It seems that, probably based on the video above, everyone here is thinking of the relatively small drones like the one pictured. I read the bill, and there is no reason to believe that these small, relatively simple drones will be the ones eventually deployed. There are much larger, more complex but more capable drones currently being used. They can fly 50 miles, accurately identify a natural gas leak in a pipeline, and either mark and return or loiter there for 30 minutes or more. Some can simply land and send a signal, taking off again when a ping hits them back, to save fuel. Their signals are indeed encrypted, their cameras are steady enough to accurately identify moving individuals from 50 feet above 75% of the time by face or even by gait, still individuals can go much higher. They can operate completely in the dark, and some of the larger ones have exceptional thermal and night vision cameras with still, sharp pictures. I have even seen a Mk19 successfully attached and launched from one made here in Texas. All of that is going on right now, not in the future.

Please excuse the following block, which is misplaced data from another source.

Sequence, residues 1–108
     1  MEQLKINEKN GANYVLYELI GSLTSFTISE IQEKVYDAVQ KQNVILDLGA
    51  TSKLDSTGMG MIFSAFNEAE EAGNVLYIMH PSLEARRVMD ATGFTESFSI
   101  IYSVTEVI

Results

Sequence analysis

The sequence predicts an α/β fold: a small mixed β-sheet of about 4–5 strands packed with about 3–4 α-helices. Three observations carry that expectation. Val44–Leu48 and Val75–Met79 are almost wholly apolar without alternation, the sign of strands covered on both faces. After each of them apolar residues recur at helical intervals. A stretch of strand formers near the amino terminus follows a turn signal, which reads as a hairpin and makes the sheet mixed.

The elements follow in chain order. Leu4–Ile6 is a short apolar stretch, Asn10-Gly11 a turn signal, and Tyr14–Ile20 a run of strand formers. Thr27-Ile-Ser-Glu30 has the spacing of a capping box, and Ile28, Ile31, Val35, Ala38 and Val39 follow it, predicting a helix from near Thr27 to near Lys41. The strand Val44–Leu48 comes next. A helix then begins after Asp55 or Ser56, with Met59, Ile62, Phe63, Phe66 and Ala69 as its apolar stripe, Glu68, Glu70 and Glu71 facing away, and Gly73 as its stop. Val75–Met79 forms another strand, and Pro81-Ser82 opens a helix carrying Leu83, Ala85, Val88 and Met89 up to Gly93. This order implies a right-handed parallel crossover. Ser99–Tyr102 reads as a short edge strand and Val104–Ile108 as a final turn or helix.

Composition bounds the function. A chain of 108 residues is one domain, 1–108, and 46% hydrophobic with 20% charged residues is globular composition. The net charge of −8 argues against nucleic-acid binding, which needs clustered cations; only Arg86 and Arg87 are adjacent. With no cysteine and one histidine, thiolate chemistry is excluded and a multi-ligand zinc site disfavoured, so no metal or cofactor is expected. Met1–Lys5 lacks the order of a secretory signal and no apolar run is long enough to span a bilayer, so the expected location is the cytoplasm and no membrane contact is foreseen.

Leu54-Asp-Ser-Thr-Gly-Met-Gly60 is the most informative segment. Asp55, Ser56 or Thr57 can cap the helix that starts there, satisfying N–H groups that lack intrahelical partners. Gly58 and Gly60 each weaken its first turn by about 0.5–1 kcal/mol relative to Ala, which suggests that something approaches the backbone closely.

There is no reason to assume the versions deployed will be the hobby copter drones the public commonly sees in use.

  13. avatar Dave says:

    I could see drones replacing helicopters in certain roles such as search and rescue, and pursuits. I would imagine their maintence costs would be lower.

    However for anything beyond the exigent circumstances listed above, you’d need a warrant. Flying over Billy Bobs farm to look for his pot field constitutes a search, at least in my book.

    Plus how does a person reasonably know that the drone flying over their land isn’t some creep? I wouldn’t be surprised for these things to be shot down, or necessarily blame those who did. There are other more constitutional ways to get the job done if that’s what you want to do.